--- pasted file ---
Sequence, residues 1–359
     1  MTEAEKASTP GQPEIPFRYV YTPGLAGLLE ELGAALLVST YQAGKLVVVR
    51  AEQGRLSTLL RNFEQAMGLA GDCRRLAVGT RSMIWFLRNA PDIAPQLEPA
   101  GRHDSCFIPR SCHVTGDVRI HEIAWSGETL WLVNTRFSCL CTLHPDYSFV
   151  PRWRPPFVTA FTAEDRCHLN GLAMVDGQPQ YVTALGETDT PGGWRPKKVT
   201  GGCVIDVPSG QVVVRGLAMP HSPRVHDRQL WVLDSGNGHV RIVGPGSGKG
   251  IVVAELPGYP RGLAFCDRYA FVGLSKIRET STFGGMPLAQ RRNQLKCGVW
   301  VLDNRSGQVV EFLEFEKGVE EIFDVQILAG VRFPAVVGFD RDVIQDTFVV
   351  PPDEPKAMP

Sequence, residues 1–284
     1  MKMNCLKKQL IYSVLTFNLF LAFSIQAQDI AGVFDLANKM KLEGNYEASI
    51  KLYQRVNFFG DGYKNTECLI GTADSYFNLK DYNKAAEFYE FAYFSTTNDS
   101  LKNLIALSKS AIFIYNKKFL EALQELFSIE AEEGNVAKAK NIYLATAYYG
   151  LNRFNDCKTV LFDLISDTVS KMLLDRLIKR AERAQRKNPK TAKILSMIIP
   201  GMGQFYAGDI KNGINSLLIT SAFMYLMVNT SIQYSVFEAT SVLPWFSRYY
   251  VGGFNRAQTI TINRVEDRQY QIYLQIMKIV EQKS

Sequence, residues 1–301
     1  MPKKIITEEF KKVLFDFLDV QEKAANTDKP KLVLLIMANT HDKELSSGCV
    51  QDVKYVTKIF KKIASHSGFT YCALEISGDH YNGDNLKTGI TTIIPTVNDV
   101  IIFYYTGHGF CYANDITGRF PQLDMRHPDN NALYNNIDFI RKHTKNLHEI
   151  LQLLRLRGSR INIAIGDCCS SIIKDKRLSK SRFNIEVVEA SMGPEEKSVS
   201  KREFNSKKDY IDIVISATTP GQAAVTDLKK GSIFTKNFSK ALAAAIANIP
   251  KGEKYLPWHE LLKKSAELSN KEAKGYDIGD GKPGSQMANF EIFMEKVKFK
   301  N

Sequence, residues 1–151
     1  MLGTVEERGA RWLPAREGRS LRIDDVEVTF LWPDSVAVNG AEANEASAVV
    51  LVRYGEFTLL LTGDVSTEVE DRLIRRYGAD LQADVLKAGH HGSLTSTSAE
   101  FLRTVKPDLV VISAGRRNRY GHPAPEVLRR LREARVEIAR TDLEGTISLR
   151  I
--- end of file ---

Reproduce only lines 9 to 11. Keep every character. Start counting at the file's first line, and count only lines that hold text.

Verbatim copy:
   351  PPDEPKAMP

Sequence, residues 1–284
     1  MKMNCLKKQL IYSVLTFNLF LAFSIQAQDI AGVFDLANKM KLEGNYEASI